2. well said, i use a 5 degree in my 32" thick walled blade and my eyes cant even perceive the dim spot. it shots up with a camera, but just barely

3. nice, wonderful writeup, thanks Corbin!

4. Hay corbin you think this could do more if it was in the new to sabers sections?

5. Originally Posted by Hasid Lafre
Hay corbin you think this could do more if it was in the new to sabers sections?

6. thankx corbin.... now i dont have to spend time weeding through all the posts to find the answer to that q's i was about to ask!

7. Originally Posted by orko
thankx corbin.... now i dont have to spend time weeding through all the posts to find the answer to that q's i was about to ask!
No problem Orko. Glad to help. That's what we all contribute to the forum for. Like many others before you, I suspect after you've been around here a while and made a few sabers, someone new to the scene will look to something YOU might have posted for information.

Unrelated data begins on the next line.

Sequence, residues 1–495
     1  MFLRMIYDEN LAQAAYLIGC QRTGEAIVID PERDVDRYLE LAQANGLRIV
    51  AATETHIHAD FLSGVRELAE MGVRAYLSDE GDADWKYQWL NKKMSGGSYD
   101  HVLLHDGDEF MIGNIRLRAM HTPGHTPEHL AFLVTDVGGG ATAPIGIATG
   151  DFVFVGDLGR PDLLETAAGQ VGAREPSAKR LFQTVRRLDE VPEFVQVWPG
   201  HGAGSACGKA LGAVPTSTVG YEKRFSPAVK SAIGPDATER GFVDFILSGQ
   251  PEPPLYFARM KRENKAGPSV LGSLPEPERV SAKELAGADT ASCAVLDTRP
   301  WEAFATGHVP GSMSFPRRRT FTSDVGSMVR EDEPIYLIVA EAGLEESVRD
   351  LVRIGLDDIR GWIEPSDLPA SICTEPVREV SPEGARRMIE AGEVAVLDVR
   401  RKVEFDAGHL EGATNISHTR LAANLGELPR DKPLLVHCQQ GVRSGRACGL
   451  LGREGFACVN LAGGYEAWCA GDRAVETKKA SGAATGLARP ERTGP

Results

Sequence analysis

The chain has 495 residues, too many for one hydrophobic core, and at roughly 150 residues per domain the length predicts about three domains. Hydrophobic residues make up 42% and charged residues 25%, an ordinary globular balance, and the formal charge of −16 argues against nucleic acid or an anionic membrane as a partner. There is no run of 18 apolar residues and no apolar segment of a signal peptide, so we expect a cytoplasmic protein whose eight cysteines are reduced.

Corbin

8. I was curious if anyone has seen what ultra uses, its basically just a chrome housing like from a maglite. Does anyone know if its any better than an optic or just a different way of doing it? I used one of their luke conversion kits [sorry tim] for Ryu-Kenjushi's rotj saber and noticed there was no actual optic. It seems to look just as good.

9. They are reflectors. They're available in 17, 20 and 27mm diameters. A couple years ago I posted a comparison pic of the optics vs. the reflectors:

Personally, I don't see a ton of difference between them. I tend to go with 5 degree optics myself though. It keeps dust off the element better, though you could use a clear disk over the reflector to do the same I suppose. For the size, I like the 20mm reflector the best. While the 27mm is ok, it's larger than the blade and makes instalation a pain. The 17mm works OK, but overall, I like the optics.

I still have some of the reflectors if you're wanting to try one. Just email me.

Corbin

10. No thats ok I just basically wanted to be reassured that they are pretty much the same. Like I said I already have one from the luke ultrasabers conversion kit. Thanks for the pic.